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THE EFFECTS OF OCEAN ACIDIFICATION AND SEA SURFACE WARMING ON THE EMBRYONIC DEVELOPMENT OF THE OPISTHOBRANCH GASTROPOD STYLOCHEILUS STRIATUS

  • Author(s): Allen, Trevor Riley
  • Advisor(s): Mishler, Brent Mishler
  • Stillman, Jonathon
  • Roderick, George
  • Resh, Vince
  • et al.
Creative Commons Attribution-NonCommercial-ShareAlike 4.0 International Public License
Abstract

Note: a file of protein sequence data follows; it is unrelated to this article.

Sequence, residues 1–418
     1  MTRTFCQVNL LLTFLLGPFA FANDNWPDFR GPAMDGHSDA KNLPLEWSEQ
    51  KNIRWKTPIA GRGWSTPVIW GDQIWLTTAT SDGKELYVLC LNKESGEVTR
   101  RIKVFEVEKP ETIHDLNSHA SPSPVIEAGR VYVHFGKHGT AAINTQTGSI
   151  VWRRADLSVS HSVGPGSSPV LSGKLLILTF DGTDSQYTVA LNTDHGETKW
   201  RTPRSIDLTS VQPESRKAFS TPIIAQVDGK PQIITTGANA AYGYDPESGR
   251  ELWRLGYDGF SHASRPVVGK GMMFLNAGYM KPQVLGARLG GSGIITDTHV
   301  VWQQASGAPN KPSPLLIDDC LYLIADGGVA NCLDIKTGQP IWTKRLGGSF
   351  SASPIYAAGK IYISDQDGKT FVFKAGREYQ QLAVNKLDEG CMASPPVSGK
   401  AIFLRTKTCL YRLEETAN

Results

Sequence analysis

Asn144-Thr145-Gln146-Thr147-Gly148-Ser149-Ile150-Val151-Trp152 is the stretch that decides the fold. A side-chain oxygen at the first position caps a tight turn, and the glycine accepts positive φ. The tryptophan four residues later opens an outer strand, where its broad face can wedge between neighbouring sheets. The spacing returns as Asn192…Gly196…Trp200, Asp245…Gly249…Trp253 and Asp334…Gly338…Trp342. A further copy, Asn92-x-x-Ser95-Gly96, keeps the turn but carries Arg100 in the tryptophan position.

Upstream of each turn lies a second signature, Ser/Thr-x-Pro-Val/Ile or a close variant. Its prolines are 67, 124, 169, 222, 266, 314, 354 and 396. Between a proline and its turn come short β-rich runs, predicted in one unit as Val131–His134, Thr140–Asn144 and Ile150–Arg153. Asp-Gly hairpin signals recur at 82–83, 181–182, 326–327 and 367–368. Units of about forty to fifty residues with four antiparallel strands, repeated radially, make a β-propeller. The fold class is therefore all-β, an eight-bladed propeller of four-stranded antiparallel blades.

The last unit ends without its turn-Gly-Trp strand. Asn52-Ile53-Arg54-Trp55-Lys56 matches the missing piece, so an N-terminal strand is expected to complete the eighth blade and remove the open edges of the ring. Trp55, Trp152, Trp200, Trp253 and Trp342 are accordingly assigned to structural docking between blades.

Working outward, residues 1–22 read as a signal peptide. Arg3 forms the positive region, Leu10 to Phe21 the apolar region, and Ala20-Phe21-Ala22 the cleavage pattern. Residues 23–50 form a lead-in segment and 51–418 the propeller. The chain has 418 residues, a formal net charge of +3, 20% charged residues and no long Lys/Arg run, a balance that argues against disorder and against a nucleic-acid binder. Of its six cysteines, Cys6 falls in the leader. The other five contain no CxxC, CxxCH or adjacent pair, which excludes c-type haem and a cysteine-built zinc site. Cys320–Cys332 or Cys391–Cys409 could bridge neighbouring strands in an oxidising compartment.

Anthropogenic increases in atmospheric CO2 compound the rates of long-term changes in the abiotic conditions of the Earth’s oceans. Because many physiological processes, including calcification rate, depend on these physical factors, there is mounting concern over how changes in temperature (T) and the CaCO3 saturation of seawater will affect marine organisms.  These effects may be particularly relevant during development— many organisms produce protective calcified structures critical for pelagic dispersal and larval survivability.  I investigated how unmitigated increases in oceanic pCO2 and temperature consistent with climate change predictions affect the embryonic development rate, hatching success, and veliger morphology of the opisthobranch gastropod,Stylocheilus striatus. Embryos were reared in four seawater treatments: 1) control (pH=8.02, T=27°C), 2) high-temperature (pH=8.02, T=31°C), 3) acidified(pH=7.67, T=27°C), 4) acidified high-temperature (pH=7.67, T=31°C). Development times increased under reduced pH conditions, but substantially decreased under high-temperature and acidifiedhigh-temperature treatments, with significant interaction between temperature and pH. The percentage of embryos that hatched into veligers significantly decreased in all three treatments (<70%reductionsin acidified high-temperature conditions).Larval shell size decreased in all three treatments— effects of acidification and temperature were synergistic, causing greater decreases in shell size with significant interaction in acidified high-temperature treatments. Additionally, there were observable deformities in the shell morphology of hatchlings incubated in decreased pH treatments— these deformities were exacerbated by temperature increases. Thus, my results indicate that oceanic conditions congruent with climate change predictions ca. 2100 suppress successful development in encapsulating gastropod embryos, potentially reducing their viability as pelagic larvae.

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